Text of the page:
Fertilizer On Snow

Chris Wagner

LawnSite Senior Member
Heard a few "average" people talking about putting fertilizer on top of one of the last snows when Spring is right around the corner.

Has anyone heard of this practice? Is it beneficial? I can't imagine it's anything more than a feed. I can't see a herbicide doing any good sitting on snow.

Obviously, the idea is that when the snow melts, the fertilizer melts into the soil.


LawnSite Silver Member
S.E. Michigan
No, No, No. What good is going to come from doing this? Most fertilizers contain a percentage of water soluble nutrients. The fertilizer will dissolve and run off before the grass has a chance to take it up. These kind of practices are exactly the reasons that the govt. is cracking down on LCO's.
The idea of fertilizer on top of snow is something that can be done - however in a very controlled environment.
I would hesitate to recommend to a homeowner this practice as all sorts of problems can occur, some of which the previous poster has pointed out.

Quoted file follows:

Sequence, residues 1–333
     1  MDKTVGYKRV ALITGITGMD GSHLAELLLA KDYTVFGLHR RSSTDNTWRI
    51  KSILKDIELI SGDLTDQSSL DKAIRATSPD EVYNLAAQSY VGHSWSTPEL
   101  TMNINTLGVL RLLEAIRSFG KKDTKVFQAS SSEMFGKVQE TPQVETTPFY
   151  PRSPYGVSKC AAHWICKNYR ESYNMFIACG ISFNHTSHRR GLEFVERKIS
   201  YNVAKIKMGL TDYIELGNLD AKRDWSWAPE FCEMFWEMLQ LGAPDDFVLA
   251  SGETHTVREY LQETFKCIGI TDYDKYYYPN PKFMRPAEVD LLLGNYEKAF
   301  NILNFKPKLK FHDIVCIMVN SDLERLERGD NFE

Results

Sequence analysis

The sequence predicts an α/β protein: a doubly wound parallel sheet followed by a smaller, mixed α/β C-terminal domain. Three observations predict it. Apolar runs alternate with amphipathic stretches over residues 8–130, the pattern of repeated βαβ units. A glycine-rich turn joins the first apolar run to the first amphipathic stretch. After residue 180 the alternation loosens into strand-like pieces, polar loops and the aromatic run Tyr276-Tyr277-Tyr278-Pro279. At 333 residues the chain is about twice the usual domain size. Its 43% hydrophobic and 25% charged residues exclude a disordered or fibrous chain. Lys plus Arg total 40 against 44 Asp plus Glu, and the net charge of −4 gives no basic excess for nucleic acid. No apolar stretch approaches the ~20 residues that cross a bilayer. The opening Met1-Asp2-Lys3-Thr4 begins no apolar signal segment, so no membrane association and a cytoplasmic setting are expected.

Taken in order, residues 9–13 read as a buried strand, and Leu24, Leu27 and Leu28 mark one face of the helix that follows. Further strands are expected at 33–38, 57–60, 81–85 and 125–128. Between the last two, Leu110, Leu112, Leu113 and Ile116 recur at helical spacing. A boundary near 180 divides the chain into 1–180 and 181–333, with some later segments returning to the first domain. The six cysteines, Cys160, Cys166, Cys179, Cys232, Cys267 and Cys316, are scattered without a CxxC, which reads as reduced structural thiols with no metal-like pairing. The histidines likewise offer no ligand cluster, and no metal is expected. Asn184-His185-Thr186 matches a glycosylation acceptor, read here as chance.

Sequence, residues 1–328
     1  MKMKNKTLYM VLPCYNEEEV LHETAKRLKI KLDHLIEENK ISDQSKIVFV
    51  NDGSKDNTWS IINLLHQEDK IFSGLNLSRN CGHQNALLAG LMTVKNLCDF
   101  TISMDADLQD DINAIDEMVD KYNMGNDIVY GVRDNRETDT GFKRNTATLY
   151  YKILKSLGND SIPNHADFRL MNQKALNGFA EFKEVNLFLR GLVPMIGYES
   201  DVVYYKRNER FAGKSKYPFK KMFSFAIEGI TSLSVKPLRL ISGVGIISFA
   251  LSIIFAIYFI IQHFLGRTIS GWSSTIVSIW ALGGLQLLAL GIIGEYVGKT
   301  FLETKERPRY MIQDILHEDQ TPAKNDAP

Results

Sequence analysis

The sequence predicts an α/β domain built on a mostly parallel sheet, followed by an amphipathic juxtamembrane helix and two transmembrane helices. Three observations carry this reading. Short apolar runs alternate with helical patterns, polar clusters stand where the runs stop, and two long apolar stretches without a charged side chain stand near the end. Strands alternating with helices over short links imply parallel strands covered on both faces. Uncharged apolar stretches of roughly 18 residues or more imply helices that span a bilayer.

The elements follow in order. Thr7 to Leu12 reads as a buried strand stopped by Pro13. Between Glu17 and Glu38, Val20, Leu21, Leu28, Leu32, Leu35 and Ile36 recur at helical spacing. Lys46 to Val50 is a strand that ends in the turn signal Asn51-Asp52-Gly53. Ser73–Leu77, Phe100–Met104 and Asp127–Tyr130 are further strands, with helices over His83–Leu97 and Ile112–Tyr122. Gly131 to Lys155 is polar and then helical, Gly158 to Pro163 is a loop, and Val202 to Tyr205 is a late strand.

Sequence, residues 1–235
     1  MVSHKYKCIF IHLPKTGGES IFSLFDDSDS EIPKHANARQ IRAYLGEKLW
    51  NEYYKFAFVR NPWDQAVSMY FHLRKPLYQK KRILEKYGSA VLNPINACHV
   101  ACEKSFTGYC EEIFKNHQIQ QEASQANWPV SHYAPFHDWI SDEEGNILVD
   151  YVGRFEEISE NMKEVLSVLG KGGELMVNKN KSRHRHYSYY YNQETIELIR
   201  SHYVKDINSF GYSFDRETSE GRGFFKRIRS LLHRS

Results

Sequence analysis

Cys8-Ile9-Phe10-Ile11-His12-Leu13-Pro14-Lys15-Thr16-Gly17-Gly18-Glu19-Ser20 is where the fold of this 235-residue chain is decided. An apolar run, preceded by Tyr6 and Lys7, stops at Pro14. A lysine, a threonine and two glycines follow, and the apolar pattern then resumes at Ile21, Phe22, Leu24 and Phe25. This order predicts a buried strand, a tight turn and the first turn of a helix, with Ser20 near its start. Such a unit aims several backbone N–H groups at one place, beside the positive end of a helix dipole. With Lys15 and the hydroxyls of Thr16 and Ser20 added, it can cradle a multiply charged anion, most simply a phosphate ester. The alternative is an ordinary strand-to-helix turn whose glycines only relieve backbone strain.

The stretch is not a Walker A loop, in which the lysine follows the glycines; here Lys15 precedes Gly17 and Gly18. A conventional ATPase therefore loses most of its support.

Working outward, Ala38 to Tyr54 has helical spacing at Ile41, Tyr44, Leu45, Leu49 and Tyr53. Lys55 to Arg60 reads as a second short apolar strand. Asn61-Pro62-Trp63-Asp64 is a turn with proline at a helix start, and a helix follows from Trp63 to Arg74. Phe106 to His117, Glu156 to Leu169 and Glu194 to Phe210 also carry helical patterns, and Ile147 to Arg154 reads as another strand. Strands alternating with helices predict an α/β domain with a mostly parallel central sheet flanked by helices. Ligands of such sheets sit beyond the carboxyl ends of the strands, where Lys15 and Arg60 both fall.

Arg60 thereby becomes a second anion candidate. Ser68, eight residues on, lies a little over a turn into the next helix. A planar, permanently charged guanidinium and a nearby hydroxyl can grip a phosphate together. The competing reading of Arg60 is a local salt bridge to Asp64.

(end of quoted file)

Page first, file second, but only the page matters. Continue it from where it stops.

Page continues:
BTW, fertilizer does not melt into the soil, it is absorbed via infiltration rates into the soil profile. From there, existent soil chemistry, structure, moisture, fertilizer formulation, turf type, height of turf, amount of turf before an impermeable surface or drain, all combine to form a significant relationship for this practice to be successful.
As I stated, I typically will not advocate this practice to untrained homeowners.


LawnSite Member
I believe that fertilizer over snow is a waste of a custmoers money. Even if it was slow release fertilizer it still would wash away and those particals that are left would only give your lawn very little nutrients. So I would call your local company at the end of the next year "if it snows" and tell then you would like them to add that app on to next years program..I am sure they would be happy to do so.


LawnSite Silver Member
I have heard a variation on this topic....I have one snow customer who throws urea on ice and snow as an ice melter....and it works well...and much cheaper than the better quality ice melters..not exactly a good thing for the Cheapeake Bay however...


LawnSite Bronze Member
SE Pennsylvania
Never hear of fertilizer being applied this way, but have heard of grass seed being applied this way. With the freeze/thaw cycles over the winter, the seed that doesn't get eaten will sow itself.
Chris Wagner

Chris Wagner

LawnSite Senior Member
Doesn't the seed rot out?

Needless to say, the pain of going over snow with a spreader is something I don't think I'd ever bother to try.